As telcos enforce Nigeria’s Twitter ban, experts disagree on the legality

As of 12 am on Saturday, 5 June 2021, Twitter users in Nigeria using any of the four telecom operators, MTN, Globacom, Airtel, and 9Mobile started to experience limited services.

Netblocks, a watchdog organization that monitors cybersecurity and the governance of the internet, also confirmed the restriction of Twitter in Nigeria from the morning of Saturday 5 June 2021. However, people using other internet service providers have reported no issues with their Twitter app.

“Metrics indicate that the ban is in partial effect at the time of writing, affecting some but not all internet users in the country. The company’s link-sharing service is also affected,” Netblocks said.

While no telecom operator is yet to confirm they received a direct order from the Nigerian government, but the action is coming on the heels of an announcement on Friday by the Nigerian government that it has banned the operations of the microblogging social platform within the borders of the country.

The government’s decision follows the deleting of a tweet made by the President of the country Mohammadu Buhari in which he threatened to punish pro-Biafra groups blamed for escalating attacks on government and security authorities.

“Many of those misbehaving today are too young to be aware of the destruction and loss of lives that occurred during the Biafra war,” Buhari wrote. “Those of us in the fields for 30 months, who went through the war, will treat them in the language they understand.”

To block access to Twitter, the Nigerian government would need to order internet service providers  (ISPs) to limit access to their subscribers. The ISPs in Nigeria include Spectranet, SWIFT, ipNX, Smile Communications, Cobranet, Tizeti, among others. A determined government can threaten to withdraw the licence of any ISP that defies its orders to block the social media network.

However, experts are not in consensus about the legality and the ramifications of the actions of the government.

Joe Abah, a prominent voice on Twitter Nigeria space and country director of DAI International said the ban represents a contraction of the civic space for free speech, dialogue, and debate.

Read Also: Nigeria’s Twitter ban puts country in uncomfortable company

“Where certain users have used the platform to undermine national security, the government has the wherewithal to track them down and sanction them. Reconsider,” he said.

Apart from issuing a ban, the government said it also directed the National Broadcasting Commission (NBC) to immediately commence the process of licensing all OTT and social media operations in Nigeria. The OTT stands for ‘Over the Top’ and refers to any streaming service that delivers content over the internet.

“The real news is not the government suspension of Twitter’s operations in Nigeria, it’s that the government wants to start licensing social media and OTT operations in Nigeria. The regulation of social media is the real aim of all of this. It’s right there in the Ministry’s tweet,” Adetola Onayemi, General Counsel, Future Africa said.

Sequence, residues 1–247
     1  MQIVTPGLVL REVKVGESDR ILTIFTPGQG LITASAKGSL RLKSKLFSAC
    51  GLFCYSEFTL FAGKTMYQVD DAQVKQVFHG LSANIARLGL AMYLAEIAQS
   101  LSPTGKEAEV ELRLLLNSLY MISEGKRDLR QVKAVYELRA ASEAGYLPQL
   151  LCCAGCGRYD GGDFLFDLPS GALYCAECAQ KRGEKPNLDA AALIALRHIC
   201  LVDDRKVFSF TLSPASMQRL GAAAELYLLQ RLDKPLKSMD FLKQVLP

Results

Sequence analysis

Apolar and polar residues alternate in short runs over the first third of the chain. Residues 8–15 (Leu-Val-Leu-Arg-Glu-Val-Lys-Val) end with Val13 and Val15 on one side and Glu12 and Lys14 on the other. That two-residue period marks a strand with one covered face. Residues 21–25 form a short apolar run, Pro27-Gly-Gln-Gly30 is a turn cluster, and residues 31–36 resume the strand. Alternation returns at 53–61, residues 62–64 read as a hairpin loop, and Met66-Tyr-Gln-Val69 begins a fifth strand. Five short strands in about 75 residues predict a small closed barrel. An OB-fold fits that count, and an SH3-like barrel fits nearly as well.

Gbenga Sesan, executive director at Paradigm Initiative said the Presidency may have taken advantage of the closure of courts due to strike action by judicial workers to issue the directive.

According to him, the government would need a court order to carry out the directive. Besides the legal angle, he also says the action further dents how the investment climate in Nigeria is perceived in that the government has the power to order private companies to enforce their wishes.

“This is not just a one-off trend. Nigeria as an investment destination in Africa is affected. There are Nigerian businesses that rely on Twitter to do their business, this affects them too,” Sesan said.

Olushola Teniola, former President of the Association of Telecommunication Companies of Nigeria (ATCON), says there is no ramification for the telecom operators given that Twitter is a social media company that only utilises telecom services to conduct its business.

For him, the government has the power to enforce compliance when it believes it is in the best interest of Nigerians, especially with the security of the state. This is why there are government agencies that verify content and regulate how it is deployed.

“What is new is how the government has decided to react to the deletion of a tweet by the President,” Teniola said.

Samuel Ireke, a legal practitioner and founder of said there was nothing unconstitutional about the government’s reaction to Twitter’s deletion of the President’s message. The right of the President to freedom of speech is enshrined in the constitution just like any other citizen of the country. Hence, what Twitter should have done was to flag the offending tweet instead of deleting it, which potentially violates the President’s rights to free speech.

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